You’ll begin to notice a change in your perception of the world around you. You may experience changes in your visual perception.
Your thoughts and emotions will also start to change. It’s not uncommon to have a sense of openness to thoughts and feelings you tend to avoid in your everyday life. A sense of wonder and delight with the world around you, the people in your life, and your thoughts is also quite common, along with a sense of peace and connection with the world.
Strong emotions are often experienced. It’s recommended that you don’t resist these emotions in either direction, but rather let them work their own course. Many who do report strong negative emotions also report a simultaneous sense of calm acceptance and detachment from them, especially if they remind themselves that the emotions are temporary.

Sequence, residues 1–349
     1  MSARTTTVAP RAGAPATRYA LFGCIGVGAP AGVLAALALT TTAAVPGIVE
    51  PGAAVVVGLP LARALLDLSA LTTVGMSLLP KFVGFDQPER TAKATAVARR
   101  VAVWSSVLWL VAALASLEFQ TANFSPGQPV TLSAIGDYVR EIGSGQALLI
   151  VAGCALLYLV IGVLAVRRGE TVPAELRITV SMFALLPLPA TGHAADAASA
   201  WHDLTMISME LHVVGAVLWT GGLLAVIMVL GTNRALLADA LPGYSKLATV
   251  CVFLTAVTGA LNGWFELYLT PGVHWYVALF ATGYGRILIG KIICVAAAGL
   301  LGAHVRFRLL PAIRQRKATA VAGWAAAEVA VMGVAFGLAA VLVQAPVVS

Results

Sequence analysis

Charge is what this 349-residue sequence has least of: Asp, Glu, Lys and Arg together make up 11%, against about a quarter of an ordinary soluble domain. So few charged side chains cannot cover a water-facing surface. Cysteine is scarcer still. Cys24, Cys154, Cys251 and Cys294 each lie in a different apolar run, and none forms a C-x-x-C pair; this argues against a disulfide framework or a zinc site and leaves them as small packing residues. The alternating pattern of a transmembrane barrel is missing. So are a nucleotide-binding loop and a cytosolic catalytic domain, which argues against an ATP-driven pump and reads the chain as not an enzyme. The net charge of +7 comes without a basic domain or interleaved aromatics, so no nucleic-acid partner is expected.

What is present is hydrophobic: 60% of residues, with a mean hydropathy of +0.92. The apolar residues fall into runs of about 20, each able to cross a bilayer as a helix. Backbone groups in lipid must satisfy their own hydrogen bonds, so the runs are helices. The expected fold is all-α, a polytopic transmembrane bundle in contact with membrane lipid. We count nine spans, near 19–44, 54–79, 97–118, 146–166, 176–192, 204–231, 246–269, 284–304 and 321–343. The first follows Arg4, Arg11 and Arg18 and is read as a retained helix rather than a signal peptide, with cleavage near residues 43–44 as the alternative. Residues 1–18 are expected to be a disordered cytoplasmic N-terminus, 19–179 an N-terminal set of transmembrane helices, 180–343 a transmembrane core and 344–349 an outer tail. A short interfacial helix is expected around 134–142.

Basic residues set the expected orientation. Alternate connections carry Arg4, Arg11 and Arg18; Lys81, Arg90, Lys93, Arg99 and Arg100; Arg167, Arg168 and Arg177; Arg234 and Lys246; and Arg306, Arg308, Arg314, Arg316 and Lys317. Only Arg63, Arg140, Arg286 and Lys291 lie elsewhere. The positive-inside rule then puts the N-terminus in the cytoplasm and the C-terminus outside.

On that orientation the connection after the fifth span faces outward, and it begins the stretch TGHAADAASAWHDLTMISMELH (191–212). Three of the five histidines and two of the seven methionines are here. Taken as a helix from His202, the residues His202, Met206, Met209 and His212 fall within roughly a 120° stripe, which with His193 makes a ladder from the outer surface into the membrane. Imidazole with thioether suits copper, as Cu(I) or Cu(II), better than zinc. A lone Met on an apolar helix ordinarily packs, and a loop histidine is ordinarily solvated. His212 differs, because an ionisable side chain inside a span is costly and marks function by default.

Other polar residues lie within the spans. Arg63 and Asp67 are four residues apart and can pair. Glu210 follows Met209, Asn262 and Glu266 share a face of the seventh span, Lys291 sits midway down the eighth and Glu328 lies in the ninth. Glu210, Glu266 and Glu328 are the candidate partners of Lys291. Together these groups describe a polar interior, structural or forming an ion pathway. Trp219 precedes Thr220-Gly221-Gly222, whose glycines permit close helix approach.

Physical side effects can vary from individual to individual and include changes in heart rate (up or down), changes in blood pressure (up or down), nausea, increased tendon reflexes, tremors, dilated pupils, restlessness or arousal, and changes in coordinated movement.
We believe all the above-described experiences add up to the therapeutic effect of this therapeutic treatment.
By re-living difficult moments of your life, opening up to feelings you normally try to avoid, and a sense of interconnection and understanding of yourself (forgiveness), you create new powerful levels of understanding that facilitate healing.
This treatment can and should be repeated when the first experience is integrated. The integration period may take a month or two, depending on the depth of your experience.